Thompson Springs did not weather time very well after being bypassed by I-70/US 50/US 6 as it now is a ghost town.  Unlike nearby Cisco the buildings located in Thompson Springs are largely in a decent state of repair.  Below is the north terminus of UT 94 approaching Old US 50/6 houses various abandoned buildings.



Along Old US 50/6 there are various abandoned structures in a variation of decay.  I found the Thompson Motel to be the most interesting to look at.






The Desert Moon Hotel appeared to be the only occupied building left in Thomson Springs.  There is an active RV site still listed at the location on Google Maps.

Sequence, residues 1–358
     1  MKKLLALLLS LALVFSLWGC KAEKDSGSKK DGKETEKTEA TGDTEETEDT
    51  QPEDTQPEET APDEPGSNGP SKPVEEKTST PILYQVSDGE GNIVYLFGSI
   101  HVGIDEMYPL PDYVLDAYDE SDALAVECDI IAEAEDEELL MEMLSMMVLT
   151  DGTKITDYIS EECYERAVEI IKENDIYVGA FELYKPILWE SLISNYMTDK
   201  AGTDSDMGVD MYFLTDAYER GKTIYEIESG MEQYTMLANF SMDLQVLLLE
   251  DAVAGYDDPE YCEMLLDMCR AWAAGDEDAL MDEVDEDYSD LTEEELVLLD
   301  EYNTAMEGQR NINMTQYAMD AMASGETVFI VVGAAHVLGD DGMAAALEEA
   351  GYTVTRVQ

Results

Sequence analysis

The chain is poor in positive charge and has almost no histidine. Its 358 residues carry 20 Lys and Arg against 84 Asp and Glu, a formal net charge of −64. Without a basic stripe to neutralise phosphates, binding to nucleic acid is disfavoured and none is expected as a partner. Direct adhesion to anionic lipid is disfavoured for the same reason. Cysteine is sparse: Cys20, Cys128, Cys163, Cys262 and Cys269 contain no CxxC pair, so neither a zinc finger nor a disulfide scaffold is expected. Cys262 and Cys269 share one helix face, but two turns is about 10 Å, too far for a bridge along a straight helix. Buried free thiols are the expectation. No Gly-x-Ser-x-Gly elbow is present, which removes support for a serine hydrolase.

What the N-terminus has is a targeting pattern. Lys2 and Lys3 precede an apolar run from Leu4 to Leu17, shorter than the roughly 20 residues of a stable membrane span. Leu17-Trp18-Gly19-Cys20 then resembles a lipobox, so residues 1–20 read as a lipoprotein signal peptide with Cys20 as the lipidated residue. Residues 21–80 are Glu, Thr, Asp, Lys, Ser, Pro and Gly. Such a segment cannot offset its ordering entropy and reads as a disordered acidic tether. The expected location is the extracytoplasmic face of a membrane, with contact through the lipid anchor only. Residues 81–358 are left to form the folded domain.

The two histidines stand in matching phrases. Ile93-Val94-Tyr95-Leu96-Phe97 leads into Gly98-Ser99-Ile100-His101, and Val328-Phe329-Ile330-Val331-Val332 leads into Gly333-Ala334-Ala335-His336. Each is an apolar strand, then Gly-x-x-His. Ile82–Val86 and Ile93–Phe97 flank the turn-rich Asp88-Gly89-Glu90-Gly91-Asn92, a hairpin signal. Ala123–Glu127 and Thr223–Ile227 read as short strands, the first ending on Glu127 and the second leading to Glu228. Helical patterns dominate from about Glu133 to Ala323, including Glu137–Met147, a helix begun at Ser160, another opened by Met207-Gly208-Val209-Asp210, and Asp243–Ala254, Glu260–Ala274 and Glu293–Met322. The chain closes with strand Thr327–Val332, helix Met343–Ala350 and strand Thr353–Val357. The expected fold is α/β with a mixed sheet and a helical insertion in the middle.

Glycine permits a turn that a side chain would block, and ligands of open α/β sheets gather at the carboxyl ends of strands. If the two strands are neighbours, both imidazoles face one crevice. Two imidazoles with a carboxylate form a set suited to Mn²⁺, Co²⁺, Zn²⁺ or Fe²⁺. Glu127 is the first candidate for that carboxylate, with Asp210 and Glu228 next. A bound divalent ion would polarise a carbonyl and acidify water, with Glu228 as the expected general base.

The Book Cliffs are relatively close to Thompson Springs and can be seen across the railroad tracks on Old US 50/6.





Sego was a coal mining town located at the foot of the Book Cliffs north of Thompson Springs.  Sego was inhabited from 1910 to until 1955 when miles played out.  Sego had a peak population of about 500 residents and a 5.25 railroad spur known as the Ballard & Thompson Railroad which operated from 1911 to 1950.  This 1950 Utah State Highway Map shows Sego north of Thompson Springs connected via UT 94. 

Comments

US 89 said…
UT 94 was created in 1935.

Popular posts from this blog

Kancamagus Highway (NH 112 through the White Mountains of New Hampshire)